Maine Community Law Center


Providing a unique legal residency program to new lawyers

while increasing access to justice for Mainers of modest means.

Maine's first incubator program, the Maine Community Law Center, opened in the fall of 2015. With support, mentoring and guidance from experienced members of the bar, MCLC’s lawyers provided quality legal services to those who need them. Through innovative uses of technology, a streamlined, cloud-based practice-management system, and a team approach, we reduced our overhead and allowed for the delivery of quality legal services at a lower cost. Unfortunately, MCLC closed in May 2020 due to the economic effects of the Covid-19 crisis. 

MCLC offered legal services to people of modest means: those who earn too much to qualify for legal aid but cannot afford a full-priced attorney.  The model of the firm allowed clients to pay for legal services on a sliding scale based on income or to pay a flat fee for some services. Clients who needed a limited amount of legal advice, help with only part of their case, or required services that can be provided through technology, could further reduce their costs and make access to justice affordable.  New attorneys were supported by senior attorneys in the community, who practice in a variety of fields and who can provide specific guidance on a case by case basis.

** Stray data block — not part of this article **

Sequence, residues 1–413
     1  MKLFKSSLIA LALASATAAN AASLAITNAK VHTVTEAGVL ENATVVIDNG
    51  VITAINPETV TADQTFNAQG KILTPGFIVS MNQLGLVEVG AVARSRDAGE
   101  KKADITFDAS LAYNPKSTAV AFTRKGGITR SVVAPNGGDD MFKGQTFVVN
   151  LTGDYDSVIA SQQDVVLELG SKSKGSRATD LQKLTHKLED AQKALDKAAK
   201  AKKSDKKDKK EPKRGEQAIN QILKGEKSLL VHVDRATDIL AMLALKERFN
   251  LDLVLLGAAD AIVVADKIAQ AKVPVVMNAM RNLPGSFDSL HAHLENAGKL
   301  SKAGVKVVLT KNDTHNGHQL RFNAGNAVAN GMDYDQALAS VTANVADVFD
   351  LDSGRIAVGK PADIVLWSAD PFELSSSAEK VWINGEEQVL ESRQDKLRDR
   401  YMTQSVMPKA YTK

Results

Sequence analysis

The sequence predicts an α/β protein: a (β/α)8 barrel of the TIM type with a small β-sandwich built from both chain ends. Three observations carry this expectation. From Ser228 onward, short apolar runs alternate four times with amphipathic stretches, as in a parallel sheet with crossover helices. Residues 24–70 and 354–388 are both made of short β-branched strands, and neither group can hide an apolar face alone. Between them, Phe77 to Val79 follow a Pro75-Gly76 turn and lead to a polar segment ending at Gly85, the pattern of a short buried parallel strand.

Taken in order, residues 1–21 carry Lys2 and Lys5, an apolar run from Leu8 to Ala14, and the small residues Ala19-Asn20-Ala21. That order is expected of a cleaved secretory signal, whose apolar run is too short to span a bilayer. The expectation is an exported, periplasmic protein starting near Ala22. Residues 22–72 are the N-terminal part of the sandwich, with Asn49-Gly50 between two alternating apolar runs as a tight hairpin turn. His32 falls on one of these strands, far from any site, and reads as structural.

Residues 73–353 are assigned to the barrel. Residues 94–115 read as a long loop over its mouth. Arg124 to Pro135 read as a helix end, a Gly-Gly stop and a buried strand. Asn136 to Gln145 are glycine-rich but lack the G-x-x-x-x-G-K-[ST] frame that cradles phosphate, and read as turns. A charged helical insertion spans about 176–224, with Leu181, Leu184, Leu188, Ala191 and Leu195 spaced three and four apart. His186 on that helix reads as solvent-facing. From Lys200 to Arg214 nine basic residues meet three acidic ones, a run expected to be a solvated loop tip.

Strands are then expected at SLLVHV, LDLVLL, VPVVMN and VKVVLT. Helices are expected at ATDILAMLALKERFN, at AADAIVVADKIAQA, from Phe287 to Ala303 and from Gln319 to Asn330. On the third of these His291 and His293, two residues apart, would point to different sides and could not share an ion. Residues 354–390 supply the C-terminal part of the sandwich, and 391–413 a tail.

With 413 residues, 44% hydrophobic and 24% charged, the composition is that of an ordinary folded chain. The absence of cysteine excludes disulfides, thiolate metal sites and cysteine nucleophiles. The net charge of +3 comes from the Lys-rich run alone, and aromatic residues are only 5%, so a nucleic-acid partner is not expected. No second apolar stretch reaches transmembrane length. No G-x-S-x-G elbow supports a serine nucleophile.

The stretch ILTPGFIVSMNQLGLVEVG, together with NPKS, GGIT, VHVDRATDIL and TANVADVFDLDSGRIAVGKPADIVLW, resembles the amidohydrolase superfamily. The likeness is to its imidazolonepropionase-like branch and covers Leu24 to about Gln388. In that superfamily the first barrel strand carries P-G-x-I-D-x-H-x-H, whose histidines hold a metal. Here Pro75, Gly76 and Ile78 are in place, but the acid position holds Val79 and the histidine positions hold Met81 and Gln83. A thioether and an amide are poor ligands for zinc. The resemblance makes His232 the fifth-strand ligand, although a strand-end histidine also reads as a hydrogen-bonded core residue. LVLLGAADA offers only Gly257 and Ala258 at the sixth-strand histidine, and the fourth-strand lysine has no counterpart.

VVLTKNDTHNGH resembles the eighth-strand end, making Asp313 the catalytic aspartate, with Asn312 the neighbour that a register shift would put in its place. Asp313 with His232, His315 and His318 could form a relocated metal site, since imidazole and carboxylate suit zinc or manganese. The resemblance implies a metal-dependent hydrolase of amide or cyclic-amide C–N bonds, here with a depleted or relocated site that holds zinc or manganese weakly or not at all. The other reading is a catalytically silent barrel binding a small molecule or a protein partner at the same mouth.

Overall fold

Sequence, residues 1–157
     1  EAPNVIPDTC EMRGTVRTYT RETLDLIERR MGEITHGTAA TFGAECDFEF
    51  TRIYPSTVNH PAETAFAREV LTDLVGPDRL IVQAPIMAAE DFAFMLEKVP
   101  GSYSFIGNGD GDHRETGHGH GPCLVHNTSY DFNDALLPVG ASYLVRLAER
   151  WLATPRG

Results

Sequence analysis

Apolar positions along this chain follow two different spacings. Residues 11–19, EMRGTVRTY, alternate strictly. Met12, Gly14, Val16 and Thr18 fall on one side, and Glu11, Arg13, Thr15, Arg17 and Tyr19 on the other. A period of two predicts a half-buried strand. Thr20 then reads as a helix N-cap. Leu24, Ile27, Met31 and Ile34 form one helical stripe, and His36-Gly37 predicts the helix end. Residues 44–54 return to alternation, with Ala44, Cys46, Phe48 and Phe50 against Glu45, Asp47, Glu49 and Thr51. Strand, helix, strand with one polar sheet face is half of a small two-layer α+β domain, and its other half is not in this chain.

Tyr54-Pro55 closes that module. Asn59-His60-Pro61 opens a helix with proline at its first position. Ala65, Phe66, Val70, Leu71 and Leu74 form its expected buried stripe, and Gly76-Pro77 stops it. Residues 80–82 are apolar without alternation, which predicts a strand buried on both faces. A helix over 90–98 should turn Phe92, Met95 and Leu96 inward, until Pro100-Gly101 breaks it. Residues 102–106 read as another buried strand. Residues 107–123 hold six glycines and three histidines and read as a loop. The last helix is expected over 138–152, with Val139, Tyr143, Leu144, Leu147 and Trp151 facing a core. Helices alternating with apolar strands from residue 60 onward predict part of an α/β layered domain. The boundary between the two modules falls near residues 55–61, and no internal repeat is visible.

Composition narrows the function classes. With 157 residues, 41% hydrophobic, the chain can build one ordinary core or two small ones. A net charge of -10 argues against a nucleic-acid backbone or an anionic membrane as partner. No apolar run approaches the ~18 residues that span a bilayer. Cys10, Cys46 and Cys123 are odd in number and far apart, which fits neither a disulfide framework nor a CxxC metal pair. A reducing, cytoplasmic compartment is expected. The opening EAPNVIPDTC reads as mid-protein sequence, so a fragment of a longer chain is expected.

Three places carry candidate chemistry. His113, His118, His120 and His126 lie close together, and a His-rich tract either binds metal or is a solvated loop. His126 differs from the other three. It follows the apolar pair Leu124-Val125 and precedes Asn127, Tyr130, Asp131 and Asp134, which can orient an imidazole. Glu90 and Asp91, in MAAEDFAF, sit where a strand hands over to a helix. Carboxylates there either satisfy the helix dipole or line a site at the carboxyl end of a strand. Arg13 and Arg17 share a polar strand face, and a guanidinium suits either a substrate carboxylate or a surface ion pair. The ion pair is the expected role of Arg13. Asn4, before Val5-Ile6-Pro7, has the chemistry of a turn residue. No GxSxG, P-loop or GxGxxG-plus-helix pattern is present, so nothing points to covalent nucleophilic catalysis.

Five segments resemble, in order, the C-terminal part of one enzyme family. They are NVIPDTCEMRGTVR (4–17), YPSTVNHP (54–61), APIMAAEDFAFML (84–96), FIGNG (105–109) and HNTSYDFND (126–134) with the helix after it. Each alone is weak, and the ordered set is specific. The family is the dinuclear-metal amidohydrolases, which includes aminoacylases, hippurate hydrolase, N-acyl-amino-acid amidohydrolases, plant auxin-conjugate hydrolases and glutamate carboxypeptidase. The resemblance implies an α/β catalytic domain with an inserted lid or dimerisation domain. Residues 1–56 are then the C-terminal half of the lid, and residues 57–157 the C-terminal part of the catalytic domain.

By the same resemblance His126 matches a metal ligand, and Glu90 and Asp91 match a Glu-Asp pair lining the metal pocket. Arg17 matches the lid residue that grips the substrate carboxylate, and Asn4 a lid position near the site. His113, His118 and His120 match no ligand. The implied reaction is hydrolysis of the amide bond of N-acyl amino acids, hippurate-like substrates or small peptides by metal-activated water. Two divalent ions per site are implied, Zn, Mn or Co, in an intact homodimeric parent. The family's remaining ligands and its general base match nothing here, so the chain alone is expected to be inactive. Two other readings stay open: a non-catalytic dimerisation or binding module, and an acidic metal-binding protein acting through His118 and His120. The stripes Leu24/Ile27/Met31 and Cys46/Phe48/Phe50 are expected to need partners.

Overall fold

The majority of people in Maine who need to access the courts do so without the benefit of an attorney.  The consequences are significant: the individuals involved may not understand the legal process and experience disappointing and confusing results.  Unintended mistakes can result in serious consequences that negatively impact the best interests of children and families and create financial challenges.  These errors can require a return trip to court, with all the associated costs to the parties and to the court.  The public’s confidence in the courts as a source of justice and relief is threatened.  The legal system faces delays, difficulties and inefficient operations due to inexperienced litigants needing more time and direction from judges, magistrates and clerks.  The consumers of legal services need more options for assistance when legal aid is not available, and the retainers of a typical law firm are out of reach.


Because MCLC was a nonprofit organization, built on a sustainable model that relied on fee generation to meet its budget, it did not compete with other legal aid projects for scarce resources.  

For more information

about legal incubators

and residency programs

Hear from incubator lawyers about their experiences

Hear from an incubator lawyer in the Justice Bridge Program in Massachusetts